TT's Summer Football Thoughts: Secondary

Like wide receiver a year ago, Maryland's greatest position of strength heading into the 2015 football season is the defensive secondary. But unlike receiver, don't expect this star-laden, hard-working unit to falter or underachieve as the other did.

Like wide receiver a year ago, Maryland's greatest position of strength heading into the 2015 football season is the defensive secondary. But unlike receiver, don't expect this star-laden and hard-working unit to falter or underachieve as the other did.

Maryland has two future pros and loads of veteran experience manning the back-line, led by senior honors candidate and former safety Sean Davis now at corner. After playing a dual role at times late last season when J.J. Johnson was hurt, Davis took his lumps at times in 'man' coverage, but also showed his versatility and range, all in that imposing 6-1, 200-pound frame. In the spring he transitioned full-time to corner, after gauging his pro value last winter, and now will be a more versatile threat for the next level in pro scouts' eyes.

His corner mate will be mighty-mite junior (and another high honors candidate), Jim Thorpe Award watch-list standout Will Likely, who ranked nationally last season in picks, passes defended and interception returns for touchdowns. Likely is at times both the heart and soul of the secondary, a steely, quiet leader who does not back down despite his 5-7 frame. Sticky in coverage and unyielding, Likely also returns as Maryland's best return game weapon, too. The top reserves are senior and former starter Alvin Hill, who tore his knee last season and missed the year and would start at many schools, and junior Jarrett Ross, who must improve in coverage to gain more reps.

The safety position is also veteran, with three-year starter Anthony Nixon back, as well as senior A.J. Hendy, who sat last season for a school suspension and returned in the spring to wrest the job from Zach Dancel, who is now at Wake Forest. It is a solid but unspectacular unit, one that makes a few plays here and there, something which needs to see an up-tick. Hendy is a big hitter, but both players still need to fine-tune their technique in coverage.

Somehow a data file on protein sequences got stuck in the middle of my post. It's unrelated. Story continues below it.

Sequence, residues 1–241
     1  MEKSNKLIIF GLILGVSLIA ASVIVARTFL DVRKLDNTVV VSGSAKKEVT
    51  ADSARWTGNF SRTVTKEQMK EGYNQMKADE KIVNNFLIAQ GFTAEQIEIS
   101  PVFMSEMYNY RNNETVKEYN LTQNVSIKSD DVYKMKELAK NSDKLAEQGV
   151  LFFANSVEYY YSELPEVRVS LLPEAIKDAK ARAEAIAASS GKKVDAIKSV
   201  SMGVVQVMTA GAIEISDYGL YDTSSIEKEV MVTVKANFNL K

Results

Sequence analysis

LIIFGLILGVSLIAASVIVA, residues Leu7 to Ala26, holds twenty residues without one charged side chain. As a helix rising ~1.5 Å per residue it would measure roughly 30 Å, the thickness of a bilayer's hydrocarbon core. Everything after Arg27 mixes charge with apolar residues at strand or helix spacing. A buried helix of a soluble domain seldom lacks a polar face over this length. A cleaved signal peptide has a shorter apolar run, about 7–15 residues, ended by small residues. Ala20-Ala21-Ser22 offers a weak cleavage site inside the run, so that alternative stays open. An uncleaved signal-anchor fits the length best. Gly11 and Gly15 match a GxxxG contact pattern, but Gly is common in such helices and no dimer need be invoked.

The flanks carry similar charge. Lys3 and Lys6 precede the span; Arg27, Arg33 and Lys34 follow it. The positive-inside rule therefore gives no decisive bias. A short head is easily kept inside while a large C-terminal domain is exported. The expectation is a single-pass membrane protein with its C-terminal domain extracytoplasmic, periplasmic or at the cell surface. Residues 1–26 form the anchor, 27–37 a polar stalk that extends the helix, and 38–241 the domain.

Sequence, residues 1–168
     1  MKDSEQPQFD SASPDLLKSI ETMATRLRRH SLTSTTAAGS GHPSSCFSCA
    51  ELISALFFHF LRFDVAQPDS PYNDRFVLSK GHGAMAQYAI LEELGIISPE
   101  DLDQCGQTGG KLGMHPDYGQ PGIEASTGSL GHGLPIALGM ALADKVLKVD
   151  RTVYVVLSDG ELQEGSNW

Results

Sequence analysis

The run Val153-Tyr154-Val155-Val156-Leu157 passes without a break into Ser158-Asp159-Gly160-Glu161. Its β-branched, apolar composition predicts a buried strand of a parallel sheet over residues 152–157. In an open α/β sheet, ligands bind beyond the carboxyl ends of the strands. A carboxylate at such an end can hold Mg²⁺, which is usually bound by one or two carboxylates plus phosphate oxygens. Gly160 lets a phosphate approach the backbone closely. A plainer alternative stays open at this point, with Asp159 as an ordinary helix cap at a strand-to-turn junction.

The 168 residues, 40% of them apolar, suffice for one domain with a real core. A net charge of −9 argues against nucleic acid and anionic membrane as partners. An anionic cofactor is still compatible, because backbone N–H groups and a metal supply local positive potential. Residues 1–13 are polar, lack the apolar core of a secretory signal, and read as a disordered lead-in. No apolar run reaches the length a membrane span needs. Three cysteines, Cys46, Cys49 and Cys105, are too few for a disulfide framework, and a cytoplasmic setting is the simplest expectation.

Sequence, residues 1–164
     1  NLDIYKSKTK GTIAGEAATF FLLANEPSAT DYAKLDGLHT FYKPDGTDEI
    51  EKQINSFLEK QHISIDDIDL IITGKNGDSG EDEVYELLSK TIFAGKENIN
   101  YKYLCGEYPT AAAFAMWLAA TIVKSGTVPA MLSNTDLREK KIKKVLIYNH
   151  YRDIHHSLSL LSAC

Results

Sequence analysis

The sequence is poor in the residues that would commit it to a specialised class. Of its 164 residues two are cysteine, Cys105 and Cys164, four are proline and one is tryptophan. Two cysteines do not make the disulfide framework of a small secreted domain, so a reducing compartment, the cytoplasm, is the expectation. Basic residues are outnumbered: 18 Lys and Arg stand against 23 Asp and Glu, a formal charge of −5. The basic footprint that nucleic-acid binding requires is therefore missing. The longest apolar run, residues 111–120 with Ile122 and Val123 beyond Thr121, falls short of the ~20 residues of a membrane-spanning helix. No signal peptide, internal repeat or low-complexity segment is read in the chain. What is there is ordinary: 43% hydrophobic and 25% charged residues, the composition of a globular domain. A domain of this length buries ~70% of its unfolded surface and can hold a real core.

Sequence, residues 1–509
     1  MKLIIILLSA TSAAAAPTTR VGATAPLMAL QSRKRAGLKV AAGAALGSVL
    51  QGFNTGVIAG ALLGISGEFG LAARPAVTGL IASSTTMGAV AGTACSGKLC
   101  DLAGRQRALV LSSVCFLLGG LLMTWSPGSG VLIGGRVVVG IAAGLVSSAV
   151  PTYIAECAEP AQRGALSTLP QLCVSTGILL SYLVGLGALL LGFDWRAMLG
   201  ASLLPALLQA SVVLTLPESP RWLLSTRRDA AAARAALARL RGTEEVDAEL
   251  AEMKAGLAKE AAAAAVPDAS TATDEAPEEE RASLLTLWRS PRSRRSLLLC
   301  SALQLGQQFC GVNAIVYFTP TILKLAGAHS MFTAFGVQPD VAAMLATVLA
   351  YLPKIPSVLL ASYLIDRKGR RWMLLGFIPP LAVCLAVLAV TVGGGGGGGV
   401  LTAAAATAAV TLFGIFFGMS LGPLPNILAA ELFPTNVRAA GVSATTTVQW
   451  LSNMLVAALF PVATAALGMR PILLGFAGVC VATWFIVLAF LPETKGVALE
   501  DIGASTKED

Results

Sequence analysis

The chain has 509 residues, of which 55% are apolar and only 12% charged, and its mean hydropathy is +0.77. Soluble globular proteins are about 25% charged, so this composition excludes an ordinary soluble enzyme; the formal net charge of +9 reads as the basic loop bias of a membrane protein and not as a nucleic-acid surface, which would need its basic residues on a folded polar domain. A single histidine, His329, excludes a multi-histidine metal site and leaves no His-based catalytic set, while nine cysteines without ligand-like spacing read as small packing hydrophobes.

With Dancel gone, the Terps lost their best nickel and dime back of a year ago, but now they hope former JuCo transfer Denzel Conyers, who sat last year due to an NCAA transcript issue, can put his rangy, 6-3, 200-pound frame to use. Several other reserves such as sophomore Milan Collins, junior Milan Barry Pollock, converted sophomore corner Josh Woods, sophomore Elvis Dennah, among others, are all looking for to find their niche in the rotation. Among the top up-and-comers on the unit are freshman corner Daniel Ezeagwu, who got on the field last year as a true freshman before an injury shelved him late, and intriguing sophomore 6-1 corner Antwine Carter, who shined last spring and in the Spring Game with a pick, also at corner.

The promising newcomer is three-star corner signee Darnell Savage out of Delaware, who may have been the steal of the 2015 recruiting class, after breaking his leg as a junior and some of the elites backing off.

Thanks mostly to Likely, this unit enjoyed a breakthrough last season when it came to more passes defended, sudden-change plays and the like, something lacking in recent years as the unit was often exposed. That should change this fall, and it must as the Terps will be in more 'man' coverage in their new 4-3 scheme.

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